Self-Reflection Piece on Blacks Live Matter

Hi Globetrotters,

Normally, I save these posts for travel-related, food-loving and relationship posts. I intended to write about my Smoky Mountains trip, but the Black Lives Matter movement is more important than any trivial trip. Today, I want to share with you my feelings on it, our need to change our biases and to purposely support Black people.

I’ve been aware that everyone has prejudices since high school. I had an amazing Psychology teacher, Mrs. Rosenthal, who really highlighted how our brain works. In that class, I learned everyone has prejudices/biases. There is way too much information to notate every difference, so our brain groups things together for our brain to simplify and process the world around us.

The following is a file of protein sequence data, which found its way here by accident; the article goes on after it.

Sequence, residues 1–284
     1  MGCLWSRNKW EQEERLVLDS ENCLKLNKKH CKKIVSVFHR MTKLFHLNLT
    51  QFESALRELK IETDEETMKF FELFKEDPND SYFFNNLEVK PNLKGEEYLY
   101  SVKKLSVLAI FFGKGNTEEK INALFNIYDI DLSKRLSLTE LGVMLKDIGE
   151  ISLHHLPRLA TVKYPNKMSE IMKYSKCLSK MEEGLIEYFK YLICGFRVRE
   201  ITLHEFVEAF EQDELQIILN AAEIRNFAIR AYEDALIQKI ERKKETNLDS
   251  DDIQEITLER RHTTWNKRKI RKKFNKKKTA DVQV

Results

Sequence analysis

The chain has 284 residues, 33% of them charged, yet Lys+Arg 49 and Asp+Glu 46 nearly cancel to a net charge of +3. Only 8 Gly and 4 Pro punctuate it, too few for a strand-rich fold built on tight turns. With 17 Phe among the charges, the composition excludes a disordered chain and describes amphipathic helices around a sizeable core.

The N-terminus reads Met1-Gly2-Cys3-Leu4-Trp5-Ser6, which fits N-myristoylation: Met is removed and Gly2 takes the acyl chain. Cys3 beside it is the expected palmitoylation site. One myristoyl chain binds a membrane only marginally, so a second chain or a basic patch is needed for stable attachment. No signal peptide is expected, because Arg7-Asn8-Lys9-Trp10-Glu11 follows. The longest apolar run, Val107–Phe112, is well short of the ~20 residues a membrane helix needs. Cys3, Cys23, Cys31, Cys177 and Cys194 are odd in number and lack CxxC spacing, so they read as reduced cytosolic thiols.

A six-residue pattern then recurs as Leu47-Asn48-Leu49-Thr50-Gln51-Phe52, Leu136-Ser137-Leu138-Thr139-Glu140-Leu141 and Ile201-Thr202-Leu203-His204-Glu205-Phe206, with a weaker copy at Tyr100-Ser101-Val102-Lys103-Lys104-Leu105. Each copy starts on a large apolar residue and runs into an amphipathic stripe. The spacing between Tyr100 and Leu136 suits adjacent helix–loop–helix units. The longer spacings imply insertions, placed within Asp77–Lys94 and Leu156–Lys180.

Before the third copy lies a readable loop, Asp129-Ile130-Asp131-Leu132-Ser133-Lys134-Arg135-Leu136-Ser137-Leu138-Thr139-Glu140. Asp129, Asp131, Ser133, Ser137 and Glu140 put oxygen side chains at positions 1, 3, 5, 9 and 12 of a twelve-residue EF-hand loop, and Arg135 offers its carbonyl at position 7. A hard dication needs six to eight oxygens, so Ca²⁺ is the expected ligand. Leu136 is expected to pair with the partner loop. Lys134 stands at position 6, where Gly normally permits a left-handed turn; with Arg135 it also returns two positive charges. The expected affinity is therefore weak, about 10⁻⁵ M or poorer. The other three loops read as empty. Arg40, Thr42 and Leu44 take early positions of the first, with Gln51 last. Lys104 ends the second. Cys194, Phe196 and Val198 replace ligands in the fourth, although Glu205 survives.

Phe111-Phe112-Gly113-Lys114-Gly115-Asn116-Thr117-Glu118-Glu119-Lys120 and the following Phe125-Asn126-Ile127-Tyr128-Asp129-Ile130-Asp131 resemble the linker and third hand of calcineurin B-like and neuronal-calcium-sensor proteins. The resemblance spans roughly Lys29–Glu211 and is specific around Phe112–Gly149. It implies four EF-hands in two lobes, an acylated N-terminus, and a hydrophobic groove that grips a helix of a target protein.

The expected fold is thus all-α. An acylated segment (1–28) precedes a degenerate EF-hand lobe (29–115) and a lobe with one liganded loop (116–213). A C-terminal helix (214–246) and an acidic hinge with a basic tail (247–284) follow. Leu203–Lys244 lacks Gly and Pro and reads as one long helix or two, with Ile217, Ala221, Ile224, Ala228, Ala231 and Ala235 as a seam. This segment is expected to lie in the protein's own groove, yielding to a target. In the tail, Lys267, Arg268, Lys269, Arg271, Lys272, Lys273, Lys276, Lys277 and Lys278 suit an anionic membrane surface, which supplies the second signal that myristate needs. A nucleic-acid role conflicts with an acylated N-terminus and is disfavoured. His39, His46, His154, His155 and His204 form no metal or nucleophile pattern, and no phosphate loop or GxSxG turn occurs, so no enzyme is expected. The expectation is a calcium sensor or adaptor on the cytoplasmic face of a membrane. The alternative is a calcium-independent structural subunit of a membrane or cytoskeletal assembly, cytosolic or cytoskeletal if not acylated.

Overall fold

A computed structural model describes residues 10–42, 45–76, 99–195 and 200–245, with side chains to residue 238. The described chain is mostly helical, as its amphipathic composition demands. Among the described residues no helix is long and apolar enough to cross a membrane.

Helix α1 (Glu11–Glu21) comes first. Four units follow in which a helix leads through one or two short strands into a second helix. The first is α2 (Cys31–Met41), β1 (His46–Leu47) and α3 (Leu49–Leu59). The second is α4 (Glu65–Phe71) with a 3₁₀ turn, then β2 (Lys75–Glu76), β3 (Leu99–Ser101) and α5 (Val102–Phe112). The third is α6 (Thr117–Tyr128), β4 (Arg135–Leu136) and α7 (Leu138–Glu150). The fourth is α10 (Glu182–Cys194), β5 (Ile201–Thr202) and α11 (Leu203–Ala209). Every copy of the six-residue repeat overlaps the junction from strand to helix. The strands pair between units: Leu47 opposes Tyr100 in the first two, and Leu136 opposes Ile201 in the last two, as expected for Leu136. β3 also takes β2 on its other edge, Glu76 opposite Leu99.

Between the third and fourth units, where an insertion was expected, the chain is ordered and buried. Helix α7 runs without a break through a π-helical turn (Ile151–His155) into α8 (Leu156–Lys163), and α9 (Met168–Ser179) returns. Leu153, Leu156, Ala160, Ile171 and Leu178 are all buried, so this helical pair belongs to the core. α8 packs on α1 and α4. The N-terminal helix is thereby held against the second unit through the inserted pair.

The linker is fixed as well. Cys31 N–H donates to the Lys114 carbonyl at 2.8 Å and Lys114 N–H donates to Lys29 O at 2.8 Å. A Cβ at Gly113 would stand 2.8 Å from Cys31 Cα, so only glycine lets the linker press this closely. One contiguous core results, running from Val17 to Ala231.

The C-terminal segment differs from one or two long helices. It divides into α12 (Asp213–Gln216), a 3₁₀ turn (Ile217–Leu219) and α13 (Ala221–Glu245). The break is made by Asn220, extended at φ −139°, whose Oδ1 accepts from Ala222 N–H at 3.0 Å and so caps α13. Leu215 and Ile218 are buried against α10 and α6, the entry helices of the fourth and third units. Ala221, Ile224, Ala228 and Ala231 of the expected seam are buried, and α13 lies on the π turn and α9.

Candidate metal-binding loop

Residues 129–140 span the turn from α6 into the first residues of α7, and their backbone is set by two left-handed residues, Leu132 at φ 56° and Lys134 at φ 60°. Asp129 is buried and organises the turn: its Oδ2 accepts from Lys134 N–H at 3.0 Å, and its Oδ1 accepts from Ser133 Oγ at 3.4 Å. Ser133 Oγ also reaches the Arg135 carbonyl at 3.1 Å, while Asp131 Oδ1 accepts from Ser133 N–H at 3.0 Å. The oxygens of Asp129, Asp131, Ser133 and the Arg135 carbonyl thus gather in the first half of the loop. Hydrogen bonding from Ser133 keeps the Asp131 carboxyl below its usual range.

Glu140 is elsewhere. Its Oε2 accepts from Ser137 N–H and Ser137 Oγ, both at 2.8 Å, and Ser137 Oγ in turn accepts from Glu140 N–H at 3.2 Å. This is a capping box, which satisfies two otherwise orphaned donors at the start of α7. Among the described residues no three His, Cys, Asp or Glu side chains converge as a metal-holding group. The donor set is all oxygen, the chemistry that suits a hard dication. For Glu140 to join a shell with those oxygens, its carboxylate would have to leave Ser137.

In certain cases like animal classification or fruits, that’s perfectly fine and beneficial to us. However, when it comes to generalizing people, it influences how you treat an individual. She then took the entire class to the computer room and we took a test. On the screen, it would have “Good” on the left and “Bad” on the right. A picture would flash on the screen and you would have to quickly select “Good” or “Bad”.

I’m very lucky to grow up in the more diverse neighborhood than our rival school, but it was predominantly white. A few people in the class started saying, “Man, I feel like a racist.” I knew what my teacher was trying to show. At home, I watched a YouTube video (video below) of children selecting between a white and black baby doll. The children, even the Black children, chose the white doll because they said it was “good” or “pretty.” With the knowledge of the purpose, I still had to slow down to select the one I really wanted.

Before then, I was one of those people that said, “I don’t see color.” I didn’t (or think) that I treated anyone better or worse based on his race, but because I wasn’t aware of my prejudices I probably did. It just didn’t register at the time.